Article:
Even though the media -- social, mainstream and otherwise -- is a abuzz with the potential for an active trade deadline for the Phillies, the players have been able to ignore most of the chatter.
Burrowed into a cocoon where TV and computers are used for watching video on hitting and pitchers, the trade chatter hasn’t filtered into the clubhouse.
Or so they say.
Though the stands are filled with scouts from opposing teams and the sports media continues to remain on alert for possible trades, old warhorses like Jimmy Rollins and Chase Utley are living by the old clichés.
Just one game at a time.
“As baseball players, I’ve been around a little while and we really try to focus on that day and when that’s over you focus on the next day,” Utley said. “You try not to get distracted or get too high or too low and you really try to put your blinders on and stay focused.”
According to Rollins, the trade talk is more pronounced when the team is losing.
“It happens every year -- more so when you’re losing,” Rollins said. “When you’re winning they talk about who to bring in. I’ve been around it, [Utley has] been around it and it really has no affect on us.”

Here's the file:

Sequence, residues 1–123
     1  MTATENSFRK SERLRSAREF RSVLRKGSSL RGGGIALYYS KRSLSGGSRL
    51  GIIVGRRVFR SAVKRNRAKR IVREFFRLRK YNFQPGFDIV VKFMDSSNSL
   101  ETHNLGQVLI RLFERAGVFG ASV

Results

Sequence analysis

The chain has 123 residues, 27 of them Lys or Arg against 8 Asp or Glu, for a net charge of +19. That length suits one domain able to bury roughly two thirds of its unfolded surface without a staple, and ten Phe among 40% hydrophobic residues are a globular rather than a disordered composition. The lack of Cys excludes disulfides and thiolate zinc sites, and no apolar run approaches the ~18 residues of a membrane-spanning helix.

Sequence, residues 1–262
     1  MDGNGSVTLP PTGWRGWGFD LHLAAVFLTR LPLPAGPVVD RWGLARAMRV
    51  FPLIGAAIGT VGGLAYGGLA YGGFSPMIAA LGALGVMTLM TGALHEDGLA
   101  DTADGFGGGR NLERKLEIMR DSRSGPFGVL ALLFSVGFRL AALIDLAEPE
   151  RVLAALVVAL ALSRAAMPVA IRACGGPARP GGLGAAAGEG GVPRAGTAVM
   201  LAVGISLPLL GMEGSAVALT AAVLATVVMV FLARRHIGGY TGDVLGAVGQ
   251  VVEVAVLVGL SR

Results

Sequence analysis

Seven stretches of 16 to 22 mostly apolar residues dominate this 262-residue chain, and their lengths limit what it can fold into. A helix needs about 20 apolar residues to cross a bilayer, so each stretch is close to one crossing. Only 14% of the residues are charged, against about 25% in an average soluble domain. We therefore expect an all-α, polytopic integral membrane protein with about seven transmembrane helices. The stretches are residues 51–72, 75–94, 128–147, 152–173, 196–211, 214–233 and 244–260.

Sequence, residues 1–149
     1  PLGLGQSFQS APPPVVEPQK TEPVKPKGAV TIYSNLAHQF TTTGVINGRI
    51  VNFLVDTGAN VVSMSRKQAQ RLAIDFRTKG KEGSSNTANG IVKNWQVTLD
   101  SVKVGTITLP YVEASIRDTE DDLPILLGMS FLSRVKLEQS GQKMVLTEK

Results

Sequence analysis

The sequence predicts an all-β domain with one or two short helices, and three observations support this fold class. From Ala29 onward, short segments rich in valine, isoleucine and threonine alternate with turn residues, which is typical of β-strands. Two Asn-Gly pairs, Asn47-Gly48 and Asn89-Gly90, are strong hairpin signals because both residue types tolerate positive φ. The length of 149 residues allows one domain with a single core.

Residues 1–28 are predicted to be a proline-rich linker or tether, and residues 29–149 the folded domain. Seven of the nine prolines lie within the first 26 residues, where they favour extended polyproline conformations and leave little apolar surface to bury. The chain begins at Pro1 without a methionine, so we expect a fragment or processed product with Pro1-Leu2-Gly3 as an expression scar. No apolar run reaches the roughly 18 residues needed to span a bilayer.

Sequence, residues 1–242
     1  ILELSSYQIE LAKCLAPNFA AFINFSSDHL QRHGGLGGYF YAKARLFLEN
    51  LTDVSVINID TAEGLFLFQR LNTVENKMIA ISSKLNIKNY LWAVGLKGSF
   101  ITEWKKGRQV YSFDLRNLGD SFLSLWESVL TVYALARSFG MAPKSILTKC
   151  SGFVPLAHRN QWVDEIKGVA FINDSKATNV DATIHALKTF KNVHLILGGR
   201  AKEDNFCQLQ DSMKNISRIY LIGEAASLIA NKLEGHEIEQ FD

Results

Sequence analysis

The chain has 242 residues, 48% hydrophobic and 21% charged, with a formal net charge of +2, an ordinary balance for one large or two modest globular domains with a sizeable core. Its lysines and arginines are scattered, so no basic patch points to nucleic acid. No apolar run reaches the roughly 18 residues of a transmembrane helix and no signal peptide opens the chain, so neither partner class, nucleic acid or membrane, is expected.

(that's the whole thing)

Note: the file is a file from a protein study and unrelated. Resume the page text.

It’s fun for fans to make fantasy trades or pretend they are the general manager, Rollins said. But ultimately, the players like to concentrate on other things.
“It makes a little excitement around baseball, but inside the clubhouse it doesn’t change a thing,” Rollins said.
Rollins and Utley have been around, though. And, with 10-and-5 rights -- 10 years in the big leagues, five years with one team -- both players can veto any trade.
Lefty reliever Antonio Bastardo has been mentioned as a centerpiece in trades (see story), which is something he probably hasn’t heard much of.
Or maybe he has.
“I’m not that kind of person looking to see what’s going on around the league and stuff. I’m not into that," Bastardo said. “When I come in here I shut everything down. Everything is about baseball. That’s it.”
In other words, Bastardo has learned well from veterans Rollins and Utley.